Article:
Clearing up the stereotypes and misinformation
By Ernst Lamothe Jr.
An underactive thyroid can affect your life in many ways. Hypothyroidism happens when your thyroid doesn’t create and release enough thyroid hormone into your body. The effect makes your metabolism slow down and is a common condition. The thyroid gland is a small organ that’s located in the front of the neck, wrapped around the windpipe. It’s shaped like a butterfly, smaller in the middle with two wide wings that extend around the side of your throat.
“People need to know about thyroid issues because it can truly affect your quality of life. It can lead to several health ailments like weight issues, constipation and menstrual difficulties,” said Ajay Chaudhuri, a board-certified endocrinologist. “Some of these symptoms, if left unchecked, can cause tremendous health problems.”
However, thyroid diseases have many stereotypes and misinformation. Chaudhuri, who is also a clinical professor of medicine and chief of endocrinology at the Jacobs School of Medicine and Biomedical Science in Buffalo, discusses five aspects of thyroid.
Thyroid-related symptoms can be present as many different medical conditions. Common symptoms include extreme fatigue, brain fog, anxiety, heart palpitations, dry skin and high blood pressure. Lower-than-normal T4 levels usually mean you have hypothyroidism.
Some people may have increased thyroid stimulating hormone (TSH) levels while having normal T4 levels. The thyroid helps regulate the heartbeat so it is not pumping blood too fast or too slow. Yet sometimes thyroid gets blamed for several negative symptoms in your overall health.
“People make assumptions and self-diagnosis about thyroid issues. That is why it is essential if you start seeing symptoms for you to go to your physician and ask for a blood test,” said Chaudhuri. “We are able to detect rather easily if your thyroid level is above or below normal.”
Chaudhuri added that what complicates the matter is that even when the test reveals that the thyroid is not the cause of their medical issues, patients still are determined with their original diagnosis.
“Once we find out that it is not the thyroid, our best plan is to pivot and see what other ailments it could be. It doesn’t help you to keep believing that you have a thyroid problem if the blood and test work doesn’t back that up,” said Chaudhuri.
Many of the symptoms for thyroid are universal. Thyroid-related symptoms can be present in many different medical conditions. Common symptoms include extreme fatigue, brain fog, anxiety, heart palpitations, dry skin and high blood pressure. Lower-than-normal T4 levels usually mean you have hypothyroidism.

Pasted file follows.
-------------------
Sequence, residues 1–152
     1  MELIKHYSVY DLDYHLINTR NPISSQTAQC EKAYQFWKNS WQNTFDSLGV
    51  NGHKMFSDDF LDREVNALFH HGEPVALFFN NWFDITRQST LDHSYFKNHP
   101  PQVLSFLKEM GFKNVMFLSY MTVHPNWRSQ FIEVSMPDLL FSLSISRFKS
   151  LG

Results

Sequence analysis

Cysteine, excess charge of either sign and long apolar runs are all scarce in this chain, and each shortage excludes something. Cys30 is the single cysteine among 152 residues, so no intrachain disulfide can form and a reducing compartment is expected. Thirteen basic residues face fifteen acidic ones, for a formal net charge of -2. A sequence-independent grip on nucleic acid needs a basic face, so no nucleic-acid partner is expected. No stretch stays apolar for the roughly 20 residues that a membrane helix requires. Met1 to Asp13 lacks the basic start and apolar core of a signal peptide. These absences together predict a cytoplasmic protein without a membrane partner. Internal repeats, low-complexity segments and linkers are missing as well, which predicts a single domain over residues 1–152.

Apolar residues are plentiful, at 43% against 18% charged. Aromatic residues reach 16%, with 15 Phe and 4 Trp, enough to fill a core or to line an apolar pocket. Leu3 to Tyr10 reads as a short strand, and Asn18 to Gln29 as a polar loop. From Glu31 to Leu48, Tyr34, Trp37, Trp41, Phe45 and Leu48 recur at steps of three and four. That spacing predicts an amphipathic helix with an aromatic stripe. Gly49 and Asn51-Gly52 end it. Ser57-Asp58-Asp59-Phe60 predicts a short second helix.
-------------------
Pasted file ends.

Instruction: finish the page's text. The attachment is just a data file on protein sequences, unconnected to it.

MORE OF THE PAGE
Some people may have increased TSH levels while having normal T4 levels. The thyroid helps regulate the heartbeat so it is not pumping blood too fast or too slow. In addition, some may confuse hypothyroidism with hyperthyroidism. The latter, which is diagnosed as an overactive thyroid, has symptoms that include nervousness, anxiety, irritability, difficulty sleeping, fatigue, sensitivity to heat and muscle weakness.
“An underactive thyroid can cause a significant amount of weight loss, your heart is racing, sweating and trembling,” said Chaudhuri.
A diagnosis is made with a physical examination and laboratory tests that measure the amount of thyroid hormone. Blood tests that measure thyroxine and thyroid-stimulating hormones can confirm the diagnosis. High levels of thyroxine and low or nonexistent amounts can indicate an overactive thyroid.
Often times hypothyroidism is caused by a condition called Hashimoto’s thyroiditis where a patient’s immune system attacks and destroys the thyroid. Hashimoto’s disease is the most common cause of hypothyroidism.
“This autoimmune disease can progress very slowly during a number of years. It may have different symptoms in the beginning,” said Chaudhuri.
In cases of hyperthyroidism, the most common diagnosis is Graves disease. Graves’ disease is caused by a malfunction in the body’s disease-fighting immune system. It’s unknown why this happens. The immune system normally produces antibodies designed to target a specific pathogen. In Graves’ disease, the immune system produces an antibody to one part of the cells in the hormone-producing gland in the neck. Although Graves’ disease may affect anyone, it’s more common among women and in people younger than 40.
4. Thyroid and pregnancy
Untreated thyroid conditions during pregnancy are linked to serious problems, including premature birth, miscarriage and stillbirth. If your thyroid condition is treated during pregnancy, you can have a healthy pregnancy.
“That is also why it is important to ask your physician if you are taking any thyroid medication because that can also affect your pregnancy,” he said. “Because the thyroid makes hormones that help your body, if it makes too little or too much it can affect your pregnancy.”
When it comes to diet and food, thyroid treatments have mixed messages. Some believe in iodine treatments. Iodine is an element that is needed for the production of thyroid hormone. The body does not make iodine, so it is an essential part of your diet. If you do not have enough iodine in your body, you cannot make enough thyroid hormone, according to the American Thyroid Association. Remedies such as iodine supplements are not viewed as necessary if you live in the United States or most developed countries.
“We typically don’t have problems with iodine in our diet living in the United States because salt is often part of our diet,” said Chaudhuri.